Facebook, Sharing and Intimacy

Many years ago, I counselled an anxious young woman who felt that the magic was going out of her marriage. Her husband used to say the sweetest things to her in intimate moments but didn’t any more. His extraordinary emotional vulnerability at the moment he proposed marriage had brought a tear to her eye, as it had to her mother’s, her friends, her mother’s friends, her friends’ friends and all the other people she told about it. Once showered with compliments about how lucky she was to have such a romantic husband, she was now disappointed that he never seemed to whisper the sweet nothings that had once got her so many “you lucky girl!” plaudits from her social network.

I raised the obvious question:

“Does your husband know that you tell everyone about all the intimate things he says to you?”

“Oh yes, why at Thanksgiving dinner last year my mother repeated the story about how he cried on our first anniversary because he was so happy. Everyone laughed because it was so sweet.”

I said “Hmmmm….” (which is what many of us headshrinkers do when we are thinking “Jesus Tapdancing Christ”).

But then I recovered from shock and said something like “If you want your husband to say things to you that are special, that he would only say to his beloved wife, why don’t you treat them as if they were special, instead of something worthy of general consumption? If he realizes he’s always effectively talking to a big audience, he’s probably not going to be as vulnerable and intimate as he would be if he knew he were just talking to you.”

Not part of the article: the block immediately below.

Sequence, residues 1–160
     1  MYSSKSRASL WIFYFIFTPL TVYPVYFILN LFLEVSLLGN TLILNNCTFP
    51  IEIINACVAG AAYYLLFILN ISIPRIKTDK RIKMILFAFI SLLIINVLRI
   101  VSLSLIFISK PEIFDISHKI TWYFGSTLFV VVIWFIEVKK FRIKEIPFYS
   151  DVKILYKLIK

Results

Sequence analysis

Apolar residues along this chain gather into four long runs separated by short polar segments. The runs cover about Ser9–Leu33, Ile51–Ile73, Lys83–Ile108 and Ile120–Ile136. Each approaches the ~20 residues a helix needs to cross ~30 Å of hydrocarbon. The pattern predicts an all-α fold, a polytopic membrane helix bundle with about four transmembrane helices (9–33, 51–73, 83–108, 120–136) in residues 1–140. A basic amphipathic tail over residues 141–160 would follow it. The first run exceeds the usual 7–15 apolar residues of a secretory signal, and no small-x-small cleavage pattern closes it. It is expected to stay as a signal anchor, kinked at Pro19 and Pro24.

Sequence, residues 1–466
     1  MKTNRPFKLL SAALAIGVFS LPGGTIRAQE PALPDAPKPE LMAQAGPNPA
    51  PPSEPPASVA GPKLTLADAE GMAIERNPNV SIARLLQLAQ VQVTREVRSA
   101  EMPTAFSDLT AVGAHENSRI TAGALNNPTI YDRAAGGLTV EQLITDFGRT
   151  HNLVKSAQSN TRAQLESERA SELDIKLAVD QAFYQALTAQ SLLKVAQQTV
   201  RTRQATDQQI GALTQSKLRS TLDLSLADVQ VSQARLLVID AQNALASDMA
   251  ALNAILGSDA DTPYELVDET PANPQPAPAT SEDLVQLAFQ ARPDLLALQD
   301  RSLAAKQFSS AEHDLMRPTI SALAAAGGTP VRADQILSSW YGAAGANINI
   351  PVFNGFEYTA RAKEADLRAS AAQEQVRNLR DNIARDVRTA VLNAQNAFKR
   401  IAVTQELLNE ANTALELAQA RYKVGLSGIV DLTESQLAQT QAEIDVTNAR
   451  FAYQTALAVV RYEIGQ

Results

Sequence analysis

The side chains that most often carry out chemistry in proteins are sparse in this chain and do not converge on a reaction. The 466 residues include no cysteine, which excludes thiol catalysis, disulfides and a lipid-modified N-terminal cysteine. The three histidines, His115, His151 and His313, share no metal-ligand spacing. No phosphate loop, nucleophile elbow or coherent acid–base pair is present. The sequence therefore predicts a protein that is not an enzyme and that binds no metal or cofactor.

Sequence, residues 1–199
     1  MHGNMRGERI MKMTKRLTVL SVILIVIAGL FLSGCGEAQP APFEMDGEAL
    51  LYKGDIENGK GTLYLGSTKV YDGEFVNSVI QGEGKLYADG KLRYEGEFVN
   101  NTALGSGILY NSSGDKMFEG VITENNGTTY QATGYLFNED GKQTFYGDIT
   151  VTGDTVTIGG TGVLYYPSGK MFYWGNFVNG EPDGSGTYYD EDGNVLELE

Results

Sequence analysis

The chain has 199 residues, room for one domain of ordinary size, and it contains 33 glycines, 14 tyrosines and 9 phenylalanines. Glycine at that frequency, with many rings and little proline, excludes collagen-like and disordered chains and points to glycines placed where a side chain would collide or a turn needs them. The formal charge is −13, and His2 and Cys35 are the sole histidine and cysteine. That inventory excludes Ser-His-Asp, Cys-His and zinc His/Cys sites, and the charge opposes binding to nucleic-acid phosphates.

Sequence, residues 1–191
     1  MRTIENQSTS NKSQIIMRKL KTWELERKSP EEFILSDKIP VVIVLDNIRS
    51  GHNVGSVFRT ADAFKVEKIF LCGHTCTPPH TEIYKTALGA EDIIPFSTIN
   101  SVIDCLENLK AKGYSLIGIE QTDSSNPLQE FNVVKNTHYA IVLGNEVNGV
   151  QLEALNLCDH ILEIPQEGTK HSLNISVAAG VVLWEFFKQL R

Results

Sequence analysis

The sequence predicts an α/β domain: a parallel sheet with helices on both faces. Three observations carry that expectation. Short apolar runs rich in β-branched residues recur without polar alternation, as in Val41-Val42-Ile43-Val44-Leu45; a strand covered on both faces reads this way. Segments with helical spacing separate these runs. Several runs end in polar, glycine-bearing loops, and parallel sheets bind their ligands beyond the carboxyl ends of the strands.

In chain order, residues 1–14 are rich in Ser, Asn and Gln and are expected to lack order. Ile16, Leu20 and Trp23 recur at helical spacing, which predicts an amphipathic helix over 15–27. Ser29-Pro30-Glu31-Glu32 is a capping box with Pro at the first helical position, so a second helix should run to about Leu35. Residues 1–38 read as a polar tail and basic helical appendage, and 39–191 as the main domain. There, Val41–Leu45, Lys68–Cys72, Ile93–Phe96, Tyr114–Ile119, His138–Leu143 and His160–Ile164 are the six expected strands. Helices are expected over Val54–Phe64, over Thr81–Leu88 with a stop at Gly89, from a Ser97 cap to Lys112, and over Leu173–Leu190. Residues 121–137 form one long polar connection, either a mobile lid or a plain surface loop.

I think of that woman when I read about all the Facebook users who have a gazillion friends. Specifically, I wonder what happens to specialness and quality of friendship when what you would normally share only with one or two people becomes something you share with a larger number. At some point do people feel less like they have a true relationship with someone and more like they are one of hundreds on a mailing list, akin to recipients of a mass-printed annual holiday letter? I recognize that technically, you can set different levels of intimacy in Facebook, but I also recognize that many people don’t bother to do so. Over time, will you lose interest in the Facebook sharings of dear friends once you understand they are sharing the same things at the same time with people they may barely know?

[Cross-posted at The Reality-based Community]

Keith Humphreys

Keith Humphreys is a professor of psychiatry at Stanford University. He served as a senior policy advisor at the White House Office of National Drug Control Policy from 2009 to 2010.